New York, NY, February 04, 2011 --(PR.com
)-- The Pacific College of Oriental Medicine, the largest college of Acupuncture and Oriental medicine in the country will host a free screening of 9000 Needles on February 12, 2011 at 2:30pm at their New York Campus located at 915 Broadway (21st St.), 5th floor. The screening will be held during the college’s annual Chinese New Year Celebration.
The award-winning documentary chronicles one man’s journey into health with the help of a mixture of Eastern and Western Medicine including acupuncture. The documentary, filmed as a labor of love, benefits Devin Dearth, the patient featured in the film.
At forty-years-old, Devin Dearth, a successful businessman, loving husband, father of three, devout Christian, and champion bodybuilder lived with his family in the small community of Central City, Kentucky. He lived the ideal “American Dream” until suffering a devastating stroke that left him paralyzed on his right side, unable to walk, unable to speak without difficulty, and unable to care for himself or his family.
Facing dismal odds of recovery, Dearth and his family move unsuccessfully through the American health care system. With constrained resources, both financial and medical, and with Dearth’s window for recovery beginning to close, Dearth’s brother, Doug proposes they travel to Tianjian, China to participate in an affordable and promising rehabilitation program that integrated Western and traditional Chinese medicine.
Arriving in China, an aura of determination and surrender surrounded Dearth as he was immersed into a treatment program and philosophy unlike anything he had ever known. Surrounded by this new team of compassionate and mysterious medical alchemist a new life begins to seem possible. The trials he and his family endure along the way remind us that the human spirit can transcend any boundaries while exploring a universal community of healing and transformation.
The film, shot in a verité style takes the audience on the journey. “I wanted to embrace the unique opportunity to make a documentary as it was happening, and to have the viewer feel like they were right there as one of our family,” comments Doug Dearth, the patients brother and the filmmaker “I did not break out of this style to dig into the nitty gritty inner workings of the health care system, nor did I fully explore the “hows and whys” of traditional Chinese medicine. I really wanted the audience to have the same information that we did: Nothing more. Nothing less. Being in the same position as Devin and my family, the viewer must also trust the unknown.”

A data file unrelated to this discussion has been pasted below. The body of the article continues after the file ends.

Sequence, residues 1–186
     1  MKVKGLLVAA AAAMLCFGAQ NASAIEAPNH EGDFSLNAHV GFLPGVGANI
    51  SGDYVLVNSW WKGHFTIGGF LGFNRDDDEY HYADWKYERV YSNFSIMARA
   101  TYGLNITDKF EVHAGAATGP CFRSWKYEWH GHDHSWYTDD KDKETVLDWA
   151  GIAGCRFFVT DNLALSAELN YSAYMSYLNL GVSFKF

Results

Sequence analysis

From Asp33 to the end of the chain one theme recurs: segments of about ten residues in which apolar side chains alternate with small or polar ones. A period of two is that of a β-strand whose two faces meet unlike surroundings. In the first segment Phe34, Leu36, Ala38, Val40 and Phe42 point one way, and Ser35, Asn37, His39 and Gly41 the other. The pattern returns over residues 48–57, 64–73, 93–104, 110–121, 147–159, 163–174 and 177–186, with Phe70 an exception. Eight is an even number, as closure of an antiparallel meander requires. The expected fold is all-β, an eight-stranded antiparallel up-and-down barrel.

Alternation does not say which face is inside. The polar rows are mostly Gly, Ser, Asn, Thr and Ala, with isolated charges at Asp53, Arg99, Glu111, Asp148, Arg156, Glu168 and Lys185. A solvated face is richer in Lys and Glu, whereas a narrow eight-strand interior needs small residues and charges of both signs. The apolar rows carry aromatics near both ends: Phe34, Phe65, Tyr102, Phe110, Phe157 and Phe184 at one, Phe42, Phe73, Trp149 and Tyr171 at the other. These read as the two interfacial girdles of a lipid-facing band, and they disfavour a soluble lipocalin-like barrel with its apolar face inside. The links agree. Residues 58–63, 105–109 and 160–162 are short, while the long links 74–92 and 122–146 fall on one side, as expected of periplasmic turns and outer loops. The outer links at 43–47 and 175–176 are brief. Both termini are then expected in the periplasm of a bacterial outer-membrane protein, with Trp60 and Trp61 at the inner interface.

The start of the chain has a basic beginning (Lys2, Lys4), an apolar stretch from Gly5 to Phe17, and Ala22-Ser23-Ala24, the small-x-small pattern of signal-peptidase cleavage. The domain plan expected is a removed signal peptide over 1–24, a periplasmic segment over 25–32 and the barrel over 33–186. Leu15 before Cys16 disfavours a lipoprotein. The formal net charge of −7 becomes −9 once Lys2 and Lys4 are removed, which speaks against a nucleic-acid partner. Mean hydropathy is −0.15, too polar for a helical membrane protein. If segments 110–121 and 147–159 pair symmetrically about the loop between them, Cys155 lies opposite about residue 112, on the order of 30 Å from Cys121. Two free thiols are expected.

Aside from the obvious emotional heartbreak, the biggest obstacle in making 9,000 Needles for Doug Dearth was not knowing the outcome. “Everyone wants a miracle happy ending, but life is not always like that,” he notes. “Sometimes it is about the little victories along the way. Our challenge as human beings is to show up every day and to give it our best shot. And if we don’t get exactly what we want or expect, we show up tomorrow and try again.”
Admission to the screening is free, seating is limited on a first come first serve basis. R.S.V.P. is requested. Contact firstname.lastname@example.org or 212-982-3456 x226 to rsvp or x229 with any questions.
About Pacific College of Oriental Medicine
Pacific College of Oriental Medicine, the largest college of acupuncture and Oriental medicine in the country was founded in 1986 with the mission to educate and inspire students to become compassionate, skilled providers of patient-centered healthcare using traditional East Asian and integrative medicine. The school has campuses in New York, Chicago, and San Diego offering Associates, Bachelors, and Masters degrees. Studies include Acupuncture, Chinese Herbology, and Massage. The Pacific College Acupuncture Center in New York City treats over 700 patients a week in addition to providing acupuncture at off-site clinics in area hospitals and health clinics throughout New York.